- Indonesia has lifted a ban on exporting baby lobsters, previously put in place to conserve the wild population of the animal.
- The fisheries ministry has issued new requirements to regulate exports, including setting an annual quota and limiting the sites from where the lobsters can be harvested.
- But the decision has been widely criticized by conservationists and the former fisheries minister, Susi Pudjiastuti, who warn the resumption of exports threatens to deplete the wild population.
- Experts have called on the government to instead prioritize sustainable lobster aquaculture in the country, involving small-scale and traditional fishermen.
JAKARTA — Indonesia will start exporting baby lobsters after a previous ban aimed at conserving the wild population of the crustacean was lifted by the fisheries ministry.
Minister Edhy Prabowo on May 4 signed a decree allowing the resumption of exports of non-pigmented post-larval lobsters of the genus Puerulus (commonly known as whip lobsters) and of baby lobsters of the genus Panulirus. Edhy’s predecessor, Susi Pudjiastuti, had imposed the export ban in 2016 in an effort to replenish Indonesia’s lobster stocks.
Edhy, who has feuded publicly with Susi on several issues since taking office last year, first touted the plan to end the ban last December, saying he wanted to cater to small fishermen who depended on export markets. He also said Susi’s ban had failed to tackle the illegal lobster market.
Between January and October 2016, authorities reported smuggling cases involving 800,000 lobster larvae valued at 124.8 billion rupiah ($8.3 million). The larvae are typically sold to buyers in Vietnam, Singapore and China, where they can be raised and sold at much higher prices.
Experts and observers, including Susi, have criticized Edhy’s decision, saying the lack of monitoring and law enforcement in the export chain, coupled with inadequate infrastructure to develop a viable lobster aquaculture in an aquaculture industry domestically, threatens to deplete the wild population.
A key topic of debate is the survival rate of these wild baby lobsters which, according to the fisheries ministry, is less than 1%. Proponents of resuming exports say harvesting these larvae may increase their odds of survival. But opponents say it’s important to keep the lobsters in the wild to prevent them from going extinct.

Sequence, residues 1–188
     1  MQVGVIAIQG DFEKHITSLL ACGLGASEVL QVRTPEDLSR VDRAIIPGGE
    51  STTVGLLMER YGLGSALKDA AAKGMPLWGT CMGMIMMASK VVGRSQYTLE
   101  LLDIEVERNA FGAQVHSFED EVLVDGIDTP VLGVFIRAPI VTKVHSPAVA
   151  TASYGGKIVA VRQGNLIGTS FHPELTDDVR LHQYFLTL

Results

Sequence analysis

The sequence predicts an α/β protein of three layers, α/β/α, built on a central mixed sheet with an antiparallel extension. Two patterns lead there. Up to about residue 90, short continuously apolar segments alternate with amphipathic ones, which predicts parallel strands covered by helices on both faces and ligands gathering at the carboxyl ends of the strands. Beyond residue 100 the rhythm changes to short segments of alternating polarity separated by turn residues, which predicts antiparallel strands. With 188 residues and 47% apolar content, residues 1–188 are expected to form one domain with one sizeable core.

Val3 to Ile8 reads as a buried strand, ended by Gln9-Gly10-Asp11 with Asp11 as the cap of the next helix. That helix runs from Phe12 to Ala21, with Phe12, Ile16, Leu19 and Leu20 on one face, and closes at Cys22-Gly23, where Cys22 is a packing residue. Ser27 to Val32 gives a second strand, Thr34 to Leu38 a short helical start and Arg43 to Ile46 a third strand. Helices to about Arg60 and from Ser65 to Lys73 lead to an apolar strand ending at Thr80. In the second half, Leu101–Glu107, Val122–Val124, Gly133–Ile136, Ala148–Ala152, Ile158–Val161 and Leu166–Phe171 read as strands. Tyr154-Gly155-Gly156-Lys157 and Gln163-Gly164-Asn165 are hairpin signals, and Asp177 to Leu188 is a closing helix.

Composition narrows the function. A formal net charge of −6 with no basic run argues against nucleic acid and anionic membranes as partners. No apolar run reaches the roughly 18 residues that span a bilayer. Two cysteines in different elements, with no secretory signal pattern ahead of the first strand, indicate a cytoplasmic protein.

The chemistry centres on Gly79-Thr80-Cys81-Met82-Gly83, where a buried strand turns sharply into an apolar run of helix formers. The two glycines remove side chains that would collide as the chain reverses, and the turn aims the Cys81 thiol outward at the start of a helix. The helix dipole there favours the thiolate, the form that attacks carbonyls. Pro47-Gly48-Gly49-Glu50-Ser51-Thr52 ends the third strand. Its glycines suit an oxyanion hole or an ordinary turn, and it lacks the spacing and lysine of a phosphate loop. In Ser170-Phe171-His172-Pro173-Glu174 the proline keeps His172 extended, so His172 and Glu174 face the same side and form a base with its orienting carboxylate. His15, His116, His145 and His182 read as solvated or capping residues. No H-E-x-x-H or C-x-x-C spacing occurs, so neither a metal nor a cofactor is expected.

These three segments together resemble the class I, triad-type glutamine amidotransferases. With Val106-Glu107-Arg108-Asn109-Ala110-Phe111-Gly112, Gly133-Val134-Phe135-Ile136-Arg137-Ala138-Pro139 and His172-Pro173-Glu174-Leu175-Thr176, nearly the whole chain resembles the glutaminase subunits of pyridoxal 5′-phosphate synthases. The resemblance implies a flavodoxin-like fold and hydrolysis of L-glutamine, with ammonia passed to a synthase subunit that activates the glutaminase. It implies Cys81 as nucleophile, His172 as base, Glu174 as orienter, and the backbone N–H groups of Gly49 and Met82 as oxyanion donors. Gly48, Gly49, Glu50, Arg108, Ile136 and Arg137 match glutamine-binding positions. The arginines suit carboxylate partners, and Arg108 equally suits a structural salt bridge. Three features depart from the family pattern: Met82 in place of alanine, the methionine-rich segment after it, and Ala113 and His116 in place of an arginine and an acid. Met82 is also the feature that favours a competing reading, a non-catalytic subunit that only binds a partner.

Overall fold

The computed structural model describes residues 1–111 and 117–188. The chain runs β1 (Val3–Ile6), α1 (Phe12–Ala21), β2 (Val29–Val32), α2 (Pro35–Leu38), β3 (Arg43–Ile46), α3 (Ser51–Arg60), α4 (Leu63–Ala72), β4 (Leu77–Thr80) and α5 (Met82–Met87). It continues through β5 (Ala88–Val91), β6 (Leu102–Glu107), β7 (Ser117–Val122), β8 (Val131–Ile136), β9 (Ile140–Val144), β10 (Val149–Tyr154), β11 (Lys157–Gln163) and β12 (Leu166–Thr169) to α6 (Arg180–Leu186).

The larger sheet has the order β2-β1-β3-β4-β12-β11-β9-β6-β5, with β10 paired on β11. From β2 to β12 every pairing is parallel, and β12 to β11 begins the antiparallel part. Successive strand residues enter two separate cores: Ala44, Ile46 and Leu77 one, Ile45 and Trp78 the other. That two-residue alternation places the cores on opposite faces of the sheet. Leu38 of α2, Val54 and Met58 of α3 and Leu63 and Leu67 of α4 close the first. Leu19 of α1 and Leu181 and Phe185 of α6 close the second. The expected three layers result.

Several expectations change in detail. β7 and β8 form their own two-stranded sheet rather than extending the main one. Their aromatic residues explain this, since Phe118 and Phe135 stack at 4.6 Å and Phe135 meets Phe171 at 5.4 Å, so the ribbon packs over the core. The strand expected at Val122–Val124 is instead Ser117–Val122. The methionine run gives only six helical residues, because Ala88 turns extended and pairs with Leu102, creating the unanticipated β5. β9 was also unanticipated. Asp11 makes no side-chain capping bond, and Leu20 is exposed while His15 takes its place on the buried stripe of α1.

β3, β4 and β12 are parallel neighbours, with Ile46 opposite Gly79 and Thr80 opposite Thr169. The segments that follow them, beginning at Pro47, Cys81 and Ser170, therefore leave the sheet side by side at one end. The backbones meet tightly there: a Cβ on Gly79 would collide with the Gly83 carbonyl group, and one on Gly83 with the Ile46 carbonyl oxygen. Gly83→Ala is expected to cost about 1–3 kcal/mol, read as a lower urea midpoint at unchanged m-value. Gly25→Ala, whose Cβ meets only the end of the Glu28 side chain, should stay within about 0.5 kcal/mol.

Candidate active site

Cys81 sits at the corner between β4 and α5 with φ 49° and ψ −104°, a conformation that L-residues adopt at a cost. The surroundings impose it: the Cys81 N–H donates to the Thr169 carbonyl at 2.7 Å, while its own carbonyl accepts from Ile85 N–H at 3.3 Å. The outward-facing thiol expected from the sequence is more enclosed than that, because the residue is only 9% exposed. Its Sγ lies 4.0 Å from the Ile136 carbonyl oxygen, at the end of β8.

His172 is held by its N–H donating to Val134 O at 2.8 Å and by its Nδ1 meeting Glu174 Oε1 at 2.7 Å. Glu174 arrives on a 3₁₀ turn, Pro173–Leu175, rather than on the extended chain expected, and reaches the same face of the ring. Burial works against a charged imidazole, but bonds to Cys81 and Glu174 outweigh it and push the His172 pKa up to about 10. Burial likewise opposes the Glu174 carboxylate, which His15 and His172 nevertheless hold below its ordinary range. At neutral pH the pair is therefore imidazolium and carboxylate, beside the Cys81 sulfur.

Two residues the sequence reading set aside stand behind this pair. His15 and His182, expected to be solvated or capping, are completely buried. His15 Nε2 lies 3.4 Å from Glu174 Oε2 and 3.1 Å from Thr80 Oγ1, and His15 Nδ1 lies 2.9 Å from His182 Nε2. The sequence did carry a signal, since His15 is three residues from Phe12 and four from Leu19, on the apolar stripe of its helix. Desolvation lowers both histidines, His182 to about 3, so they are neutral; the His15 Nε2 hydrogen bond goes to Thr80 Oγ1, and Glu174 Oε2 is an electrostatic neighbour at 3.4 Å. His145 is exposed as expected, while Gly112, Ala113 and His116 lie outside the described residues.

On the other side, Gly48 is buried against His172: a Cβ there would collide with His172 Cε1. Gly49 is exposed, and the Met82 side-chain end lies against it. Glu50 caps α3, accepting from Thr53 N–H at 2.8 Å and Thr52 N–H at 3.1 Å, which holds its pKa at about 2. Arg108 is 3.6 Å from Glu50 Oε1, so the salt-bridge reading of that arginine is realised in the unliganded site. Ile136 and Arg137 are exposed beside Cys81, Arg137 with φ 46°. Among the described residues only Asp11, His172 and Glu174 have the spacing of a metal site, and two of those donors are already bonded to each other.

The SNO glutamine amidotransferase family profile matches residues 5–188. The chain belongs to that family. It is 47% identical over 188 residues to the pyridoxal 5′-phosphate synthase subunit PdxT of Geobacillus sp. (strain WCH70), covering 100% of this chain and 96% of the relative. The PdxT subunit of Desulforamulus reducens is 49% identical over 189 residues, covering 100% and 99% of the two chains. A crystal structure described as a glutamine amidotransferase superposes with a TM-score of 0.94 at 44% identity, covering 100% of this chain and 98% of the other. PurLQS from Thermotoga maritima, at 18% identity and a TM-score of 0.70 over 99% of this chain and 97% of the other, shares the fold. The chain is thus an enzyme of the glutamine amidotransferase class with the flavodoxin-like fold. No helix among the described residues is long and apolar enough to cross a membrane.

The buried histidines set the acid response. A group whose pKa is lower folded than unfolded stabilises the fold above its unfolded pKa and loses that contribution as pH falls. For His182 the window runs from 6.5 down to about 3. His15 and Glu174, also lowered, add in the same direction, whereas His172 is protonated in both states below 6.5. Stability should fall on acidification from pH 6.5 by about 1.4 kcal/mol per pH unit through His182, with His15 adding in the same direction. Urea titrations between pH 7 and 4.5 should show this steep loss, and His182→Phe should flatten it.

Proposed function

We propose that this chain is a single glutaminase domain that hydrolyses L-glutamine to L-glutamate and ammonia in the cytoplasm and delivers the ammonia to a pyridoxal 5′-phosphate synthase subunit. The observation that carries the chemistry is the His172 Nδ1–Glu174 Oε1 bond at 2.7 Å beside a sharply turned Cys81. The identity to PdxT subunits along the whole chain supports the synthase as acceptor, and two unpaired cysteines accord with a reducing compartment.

Some observers suggest the decision to resume exports was influenced by business interests affiliated with foreign enterprises looking for a massive supply of lobster larvae.
To address those concerns, the fisheries ministry says it has laid out requirements for exports, including setting an annual quota and limiting the sites from where the lobsters can be harvested by small-scale and traditional fishermen using “passive” gear. Juvenile lobsters that are either spawning or smaller than 8 centimeters (3 inches) or weigh less than 200 grams (7 ounces) may not be exported.
Exporting companies will have to develop the infrastructure to raise lobsters and release at least 2% of the captive-born population back into the wild, and will only be allowed to export them through selected airports.
But despite these new requirements and the economic argument for resuming exports, experts say the new decision appears to abandon the conservation aspect of the issue. They also say that resuming exports will not contribute much to the economy as long as the illegal market for lobster exports persists.
“The new decree has shifted from what used to be aiming for the conservation of the commodity of lobsters and crabs, to something that’s emphasizing the business development of exporting and farming lobster larva,” Dani Setiawan, the managing director of the Indonesian Traditional Fishermen’s Union (KNTI), told Mongabay in an interview.
Dani said the new decree failed to address the lack of domestic infrastructure for lobster aquaculture. If done properly, he said, such an industry would employ small-scale and traditional fishermen and have direct economic benefits for these communities.
The northern coasts of Indonesia’s Java and Lombok islands are the heart of the country’s lobster larvae production. In Lombok, sand lobsters make up 90% of the annual catch, according to a study. The lobsters are grown in floating cages and fed small fish until harvested after six months, as they near maturity. In 2012, the industry was valued at $2 million.
A major obstacle to economically viable lobster aquaculture is the high mortality rate during the nursery stage, more than 50%, which has been widely reported in Vietnam and Indonesia.
Dani said small fishermen had the potential and technical skills to build up the lobster aquaculture industry, but lacked the financial capital and access to both local and international markets.
“This should have been seen as an opportunity for the government to prioritize the use of lobster larvae for aquaculture in the country rather than for exports,” he said.
Conservationists say the government should prioritize environmentally sustainable economic activities.
“Otherwise, only the big businesses will get the benefits from this opportunity,” Dani said.
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